I seriously doubt it. Surely even the most intractable bigot would admit that a child would be worse off with a couple of white-supremacist heteros than some nice, clean-cut queers. If that is indeed the case (and I would love to meet someone who disagreed), they must argue that there are potentially quite a few reasons to actively prevent people from parenting. But they don’t argue that at all.
If “white-supremacist heteros” seem a bit far-fetched for you, how about this? A lot of the opposition to same sex marriage comes from Christians. Now, if you’re a Christian, and you believe that the fate of your eternal soul depends on an abject submission to Jesus, wouldn’t you consider being Christian as the most important thing for parents to be? I mean, what’s worse, having gay parents or spending eternity in hell? If these guys had any intellectual honesty at all, or even the vaguest idea of argumentative consistency, they would be out there campaigning to ban all non-Christians from having children. Especially atheists. And Scientologists. But, as I said, they don’t.
Even Jim Wallace isn’t that stupid.
The bottom line is that, as a society, there are many things we’d like parents to be. But it’s simply illogical to single out same sex couples for exclusion, when any two lazy, irresponsible, violent, drug-addled, Satan-worshipping anti-vaxers can have as many children as they like… as long as they have the right “bits”.
The Smackdown – Part 3
So… We’ve just seen that even if we accept the premise that children raised by same sex parents are worse off, there are still no good reasons to prevent them from becoming parents.
But, do we have to accept the premise? Absolutely not.
Study after study after study has shown that children raised by same sex couples have psychosocial outcomes no worse than the children of heterosexual couples. In fact:
The scientific research that has directly compared outcomes for children with gay and lesbian parents with outcomes for children with heterosexual parents has been remarkably consistent in showing that lesbian and gay parents are as fit and capable as heterosexual parents, and their children are as psychologically healthy and well-adjusted as children reared by heterosexual parents.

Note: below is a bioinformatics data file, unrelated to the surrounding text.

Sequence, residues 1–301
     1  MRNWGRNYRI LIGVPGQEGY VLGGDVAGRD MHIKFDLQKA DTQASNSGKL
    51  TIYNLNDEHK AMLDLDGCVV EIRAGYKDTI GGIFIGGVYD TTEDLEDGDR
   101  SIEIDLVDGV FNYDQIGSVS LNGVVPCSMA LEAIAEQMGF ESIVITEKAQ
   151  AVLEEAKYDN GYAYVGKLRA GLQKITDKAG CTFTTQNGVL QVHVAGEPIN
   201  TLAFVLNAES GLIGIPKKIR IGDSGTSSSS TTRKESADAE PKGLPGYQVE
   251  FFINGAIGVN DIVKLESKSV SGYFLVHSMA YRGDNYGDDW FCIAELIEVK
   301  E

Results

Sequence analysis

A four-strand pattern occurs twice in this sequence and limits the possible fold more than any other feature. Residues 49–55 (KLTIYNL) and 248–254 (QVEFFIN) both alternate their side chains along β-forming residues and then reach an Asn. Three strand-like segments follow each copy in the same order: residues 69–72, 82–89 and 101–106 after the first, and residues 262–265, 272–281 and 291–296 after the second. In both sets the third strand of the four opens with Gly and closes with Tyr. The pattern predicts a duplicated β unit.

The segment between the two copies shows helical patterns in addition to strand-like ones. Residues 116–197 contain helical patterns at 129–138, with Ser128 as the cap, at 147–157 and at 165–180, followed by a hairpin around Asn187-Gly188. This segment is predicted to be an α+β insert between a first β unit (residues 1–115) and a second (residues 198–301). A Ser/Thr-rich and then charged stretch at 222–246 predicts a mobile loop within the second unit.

Or, if you don’t believe Wikipedia, how about the Australian Psychological Society, who said that:
The family studies literature indicates that it is family processes (such as the quality of parenting and relationships within the family) that contribute to determining children’s wellbeing and ‘outcomes’, rather than family structures, per se, such as the number, gender, sexuality and co-habitation status of parents. The research indicates that parenting practices and children’s outcomes in families parented by lesbian and gay parents are likely to be at least as favourable as those in families of heterosexual parents, despite the reality that considerable legal discrimination and inequity remain significant challenges for these families.
Or, if won’t take their word for it, what about the American Academy of Pediatrics, the American Academy of Child and Adolescent Psychiatry, the American Psychiatric Association, the American Psychological Association, the American Psychoanalytic Association, the National Association of Social Workers, the Child Welfare League of America, the North American Council on Adoptable Children, or the Canadian Psychological Association? And that’s just North America.
But here’s the kicker, and the ultimate reason why this whole argument is completely bogus. It wouldn’t matter how much evidence you gathered to show that same sex couples are just as good at parenting as their heterosexual peers, the majority of the people who make this argument – that is, religious people – will never change their minds.
And if you’re not willing to enter an argument with a view that’s amenable to change, you’re simply not worth arguing with.
So, what are we left with? An argument that is not only irrelevant, but has a false premise and an illogical conclusion, made by close-minded, dogmatic bigots. In short, this argument couldn’t be more wrong if it was made by Bill O’Reilly in a sequined mankini.
And that’s pretty damn wrong.